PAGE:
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What does luxury travel mean to you?
By Tarryn Tomlinson

A blind woman, Lois-Strachan, leaning on a wooden chair, smiling towards the camera. She has long brown hair, is wearing a black sweater and denim jeans, and has a warm, friendly expression. The background is a solid dark blue, providing a nice contrast with the subject, which gives the portrait a classic and clean appearance.

South African travel podcaster, Lois Strachan, offers her view

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From a stretch limo airport pickup in New York to being taken on a private museum tour in Greece, Lois Strachan and I unpacked what luxury travel means to us and some of the surprising benefits that come when travelling as a person with a disability. 

When Lois was six years old, she proudly proclaimed to her parents that one day she would go to every country and meet every person. A rather ambitious goal for a six year old. She had a curious and adventurous spirit, so when she became blind at the age of 21, it may have seemed to others that her dreams would never come true.

However, Lois thought differently. She realized that she had a choice, she could let her blindness determine the rest of her life, or she could go out and see what was still possible for a blind woman in a sighted world.

Lois is an author, speaker, disability advocate, travel writer, podcaster and sometimes rock musician. She has been to four continents and has visited 21 countries. Lois Strachan has proved that, indeed, a lot is possible for a blind woman in a sighted world.

I wanted to get a sense of who Lois is and so I asked her to tell me more about herself. She said, “I think if we’re talking about who I am fundamentally, I am a person who is adventurous, despite having a very reserved kind of brain and childhood. Travel is the one area that I have always loved, since I was about six years old. I said to my parents that I wanted to go everywhere in the world and meet everyone.” She chuckles and says, “I was obviously quite a pretentious child as well.”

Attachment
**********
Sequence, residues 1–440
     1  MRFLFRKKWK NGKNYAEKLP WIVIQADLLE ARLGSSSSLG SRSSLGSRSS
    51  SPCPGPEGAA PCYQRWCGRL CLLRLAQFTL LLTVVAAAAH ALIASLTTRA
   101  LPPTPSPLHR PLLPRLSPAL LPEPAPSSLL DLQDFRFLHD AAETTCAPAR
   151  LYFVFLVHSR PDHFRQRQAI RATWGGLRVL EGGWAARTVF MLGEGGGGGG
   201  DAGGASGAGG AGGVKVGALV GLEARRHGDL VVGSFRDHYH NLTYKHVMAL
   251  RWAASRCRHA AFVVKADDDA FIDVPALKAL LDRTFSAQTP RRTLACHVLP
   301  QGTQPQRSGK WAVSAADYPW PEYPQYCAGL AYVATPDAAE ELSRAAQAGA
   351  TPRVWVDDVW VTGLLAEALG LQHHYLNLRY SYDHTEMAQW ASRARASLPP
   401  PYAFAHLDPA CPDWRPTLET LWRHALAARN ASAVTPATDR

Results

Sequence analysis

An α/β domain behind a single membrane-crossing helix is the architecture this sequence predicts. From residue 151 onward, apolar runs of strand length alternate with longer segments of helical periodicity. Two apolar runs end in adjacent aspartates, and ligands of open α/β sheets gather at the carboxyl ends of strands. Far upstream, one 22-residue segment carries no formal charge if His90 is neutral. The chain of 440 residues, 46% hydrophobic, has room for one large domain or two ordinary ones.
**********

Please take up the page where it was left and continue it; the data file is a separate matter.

Watching her and having spoken to her on many occasions, I can assure you that Lois doesn’t have a pretentious bone left in her body. I imagined that for such a curious child, however, becoming blind must have felt like an incredible loss.

Lois assured me that, “When I became blind, the only thing that changed for me were the tools and the techniques that I used. I can do everything as a blind person that I used to do as a sighted person. I am a person who loves reading and listening to music. I love spending time with my friends and family. I’m curious about the world and I’m curious about different lived experiences, different cultures.”

Persons with disabilities are diverse. We have different tastes and aspirations. I wanted to know Lois’ take on luxury travel, so asked what luxury travel means to her. After a pause she said, “Such a tough question because every travel experience offers something different. I don’t really know because for me all travel is luxurious but it’s not all high end.”

“For me,” I told Lois, “luxury travel is being able to afford certain comforts that make your journey extra special and having it done by people who make an effort to see you.” I began to think about why I love going to the restaurants and bars of high end hotels. I chuckled and continued, “When people rush to get my wheelchair from the boot. I always feel like my disability makes me a V.I.P.”

Lois interjected, “Especially since V.I.P also stands for visually impaired person.” We both burst out laughing at the irony of it all. When we eventually composed ourselves, I explained that services which cater to V.I.P guests are often very much the same types of services needed for guests with disabilities: valet parking attendants to give you a hand, bigger rooms, better lighting, etc.

This reference sparked something within Lois and she said, “Well, yes! I’ve had surprising luxury experiences. I was once in New York, booked a taxi but a stretch limo pulled up. The driver had to drop off another passenger and decided to take us.” She continued, “I’ve had a number of experiences when travelling that other people don’t have access to and those should also be taken into the thought of luxury travel. Something special, something different that not everyone can do.”

She explained how, when arriving at a museum in Athens, she was told that the tour was very visual and would not be suitable for her. The tour guide then took her on a special tour to a part of the museum where she could touch items that were not on public display. “I consider that luxury travel as well,” Lois said, “Because it’s something special, something that is only offered to a few people.”

I think back to my own life and all the special experiences I got as a result of having a disability and feel truly blessed. Though life is not always easy, it is the little comforts and considerations that can turn any experience into a luxurious one. 

Hear more stories of travels on Lois’ podcast, A Different Way of Seeing.

Buy her book on Amazon A DIFFERENT WAY OF SEEING: A Blind Woman’s Journey of Living an “Ordinary” life in an Extraordinary Way (2nd edition)

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